Wages show signs of an up­turn

Job open­ings force em­ploy­ers to raise pay, at­tract work­ers

Baltimore Sun - - FROM PAGE ONE - By Jim Puz­zanghera

WASH­ING­TON — For mil­lions of Amer­i­cans, a re­minder of the eco­nomic dam­age of the 2007-’09 re­ces­sion has ar­rived ev­ery week or two for years — in their pay­checks.

Painfully slow wage growth has lim­ited eco­nomic re­cov­ery, with many work­ers get­ting few if any raises. But there are signs that has started to change.

The fall­ing un­em­ploy­ment rate has led to more com­pe­ti­tion for work­ers, spurring solid gains in av­er­age hourly earn­ings in re­cent months.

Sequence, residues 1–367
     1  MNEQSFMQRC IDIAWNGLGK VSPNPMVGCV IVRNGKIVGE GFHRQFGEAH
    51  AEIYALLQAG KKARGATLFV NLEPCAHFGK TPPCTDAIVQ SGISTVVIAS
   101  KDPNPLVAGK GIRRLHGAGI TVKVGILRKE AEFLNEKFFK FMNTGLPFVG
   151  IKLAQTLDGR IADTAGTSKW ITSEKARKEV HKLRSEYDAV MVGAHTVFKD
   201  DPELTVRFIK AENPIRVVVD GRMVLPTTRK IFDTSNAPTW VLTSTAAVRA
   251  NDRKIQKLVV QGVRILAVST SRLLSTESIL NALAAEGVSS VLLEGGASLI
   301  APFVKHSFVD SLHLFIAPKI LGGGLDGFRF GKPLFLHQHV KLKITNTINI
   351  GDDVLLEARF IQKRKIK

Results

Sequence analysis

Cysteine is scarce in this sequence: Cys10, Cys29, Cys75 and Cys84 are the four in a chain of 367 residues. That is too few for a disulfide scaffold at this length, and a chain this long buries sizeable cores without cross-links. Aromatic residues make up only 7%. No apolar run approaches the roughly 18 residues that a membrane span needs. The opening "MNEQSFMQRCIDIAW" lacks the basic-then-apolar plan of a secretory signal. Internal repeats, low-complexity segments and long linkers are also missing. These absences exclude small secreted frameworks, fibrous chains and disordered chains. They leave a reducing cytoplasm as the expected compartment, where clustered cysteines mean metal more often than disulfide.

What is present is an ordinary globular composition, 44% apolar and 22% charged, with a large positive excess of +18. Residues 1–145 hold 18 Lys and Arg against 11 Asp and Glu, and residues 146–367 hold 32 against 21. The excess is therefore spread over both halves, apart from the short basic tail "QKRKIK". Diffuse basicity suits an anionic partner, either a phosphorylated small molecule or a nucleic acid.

Those pres­sures, am­pli­fied by laws pro­vid­ing min­i­mum wage in­creases in Cal­i­for­nia, New York and else­where, also are trig­ger­ing changes for the work­ers who need raises the most. Be­gin­ning last year, large firms such as Wal-Mart, Star­bucks, McDon­ald’s and JPMor­gan Chase in­creased what they pay their low­est­level em­ploy­ees.

“A pay in­crease is the right thing to do,” JPMor­gan Chase CEO Jamie Di­mon said re­cently in an­nounc­ing raises that would bring the hourly pay of bank tell­ers, cus­tomer ser­vice rep­re­sen­ta­tives and other em­ploy­ees to at least $12 an hour in three years, from the cur­rent $10.15.

“Wages for many Amer­i­cans have gone nowhere for too long,” he wrote in a New York Times opin­ion ar­ti­cle.

The same mes­sage has em­anated from the pres­i­den­tial cam­paigns.